installed (on as many machines as you like).

Popular Linux distributions include:


Each distribution has a different take on the desktop. Some opt for
very modern user interfaces (such as GNOME and Elementary OS’s
Pantheon), whereas others stick with a more traditional desktop
environment (openSUSE uses KDE).

You can check out the top 100 distributions on the Distrowatch.

And don’t think the server has been left behind. For this arena, you can turn to:

  • Red Hat Enterprise Linux
  • Ubuntu Server
  • Centos
  • SUSE Enterprise Linux

Some of the above server distributions are free (such as Ubuntu
Server and CentOS) and some have an associated price (such as Red Hat
Enterprise Linux and SUSE Enterprise Linux). Those with an associated
price also include support.

Which distribution is right for you?

Which distribution you use will depend on the answer to three simple questions:

  • How skilled of a computer user are you?
  • Do you prefer a modern or a standard desktop interface?
  • Server or desktop?

If your computer skills are fairly basic, you’ll want to stick with a
newbie-friendly distribution such as Linux Mint, Ubuntu (Figure 3),
Elementary OS or Deepin. If your skill set extends into the
above-average range, you could go with a distribution like Debian or
Fedora. If, however, you’ve pretty much mastered the craft of computer
and system administration, use a distribution like Gentoo. If you really
want a challenge, you can build your very own Linux distribution, with
the help of Linux From Scratch.

If you’re looking for a server-only distribution, you will also want
to decide if you need a desktop interface, or if you want to do this via
command-line only. The Ubuntu Server does not install a GUI interface.
This means two things your server won’t be bogged down loading graphics
and you’ll need to have a solid understanding of the Linux command line.
However, you can install a GUI package on top of the Ubuntu Server with
a single command like sudo apt-get install ubuntu-desktop. System
administrators will also want to view a distribution with regards to
features. Do you want a server-specific distribution that will offer
you, out of the box, everything you need for your server? If so, CentOS
might be the best choice. Or, do you want to take a desktop distribution
and add the pieces as you need them? If so, Debian or Ubuntu Linux
might serve you well.

Installing Linux

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For many people, the idea of installing an operating system might
seem like a very daunting task. Believe it or not, Linux offers one of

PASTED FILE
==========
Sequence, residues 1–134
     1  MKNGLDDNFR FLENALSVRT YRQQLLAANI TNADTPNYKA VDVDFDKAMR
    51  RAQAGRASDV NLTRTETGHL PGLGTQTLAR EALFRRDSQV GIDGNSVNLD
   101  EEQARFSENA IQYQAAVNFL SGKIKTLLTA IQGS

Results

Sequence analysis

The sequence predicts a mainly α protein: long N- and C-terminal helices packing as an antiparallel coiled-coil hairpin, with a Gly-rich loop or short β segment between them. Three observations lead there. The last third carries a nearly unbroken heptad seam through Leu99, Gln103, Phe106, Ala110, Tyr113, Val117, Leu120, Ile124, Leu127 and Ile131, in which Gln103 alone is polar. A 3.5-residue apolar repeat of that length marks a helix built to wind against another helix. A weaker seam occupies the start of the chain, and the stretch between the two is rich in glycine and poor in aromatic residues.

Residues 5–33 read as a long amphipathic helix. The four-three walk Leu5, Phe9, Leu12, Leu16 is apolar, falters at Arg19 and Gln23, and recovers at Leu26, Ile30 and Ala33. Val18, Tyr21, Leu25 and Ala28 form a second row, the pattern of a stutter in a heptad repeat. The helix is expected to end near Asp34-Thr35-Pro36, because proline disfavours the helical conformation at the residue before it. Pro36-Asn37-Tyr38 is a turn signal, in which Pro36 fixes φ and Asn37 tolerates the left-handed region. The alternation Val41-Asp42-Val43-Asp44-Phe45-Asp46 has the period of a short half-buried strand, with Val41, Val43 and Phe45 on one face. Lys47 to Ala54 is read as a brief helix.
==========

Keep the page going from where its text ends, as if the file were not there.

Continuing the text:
the easiest installations of all operating systems. In fact, most
versions of Linux offer what is called a Live distribution, which means
you run the operating system from either a CD/DVD or USB flash drive
without making any changes to your hard drive. You get the full
functionality without having to commit to the installation. Once you’ve
tried it out, and decided you wanted to use it, you simply double-click
the “Install” icon and walk through the simple installation wizard.

Typically, the installation wizards walk you through the process with
the following steps (We’ll illustrate the installation of Ubuntu

  • Preparation: Make sure your machine meets the requirements for
    installation. This also may ask you if you want to install third-party
    software (such as plugins for MP3 playback, video codecs, and more).
  • Wireless setup (if necessary): If you are using a laptop (or machine
    with wireless), you’ll need to connect to the network, in order to
    download third-party software and updates.
  • Hard drive allocation (Figure 4): This step allows you to select how
    you want the operating system to be installed. Are you going to install
    Linux alongside another operating system (called “dual booting”), use
    the entire hard drive, upgrade an existing Linux installation, or
    install over an existing version of Linux.
  • Location: Select your location from the map.
  • Keyboard layout: Select the keyboard for your system.
  • User setup: Set up your username and password.

That’s it. Once the system has completed the installation, reboot and
you’re ready to go. For a more in-depth guide to installing Linux, take
a look at “How to Install and Try Linux the Absolutely Easiest and
Safest Way” or download the Linux Foundation’s PDF guide for Linux

Installing software on Linux

Just as the operating system itself is easy to install, so too are
applications. Most modern Linux distributions include what most would
consider an app store. This is a centralized location where software can
be searched and installed. Ubuntu Linux (and many other distributions)
rely on GNOME Software, Elementary OS has the AppCenter, Deepin has the
Deepin Software Center, openSUSE has their AppStore, and some
distributions rely on Synaptic.

Regardless of the name, each of these tools do the same thing: a
central place to search for and install Linux software. Of course, these
pieces of software depend upon the presence of a GUI. For GUI-less
servers, you will have to depend upon the command-line interface for

Let’s look at two different tools to illustrate how easy even the
command line installation can be. Our examples are for Debian-based
distributions and Fedora-based distributions. The Debian-based distros
will use the apt-get tool for installing software and Fedora-based
distros will require the use of the yum tool. Both work very similarly.
We’ll illustrate using the apt-get command. Let’s say you want to
install the wget tool (which is a handy tool used to download files from
the command line). To install this using apt-get, the command would
like like this:

sudo apt-get install wget

The sudo command is added because you need super user privileges in
order to install software. Similarly, to install the same software on a
Fedora-based distribution, you would first su to the super user
(literally issue the command su and enter the root password), and issue
this command:

yum install wget

That’s all there is to installing software on a Linux machine. It’s
not nearly as challenging as you might think. Still in doubt? Recall the
Easy Lamp Server Installation from earlier. With a single command:

sudo taskel

You can install a complete LAMP (Linux Apache MySQL PHP) server on
either a server or desktop distribution. It really is that easy.

Thank You !!!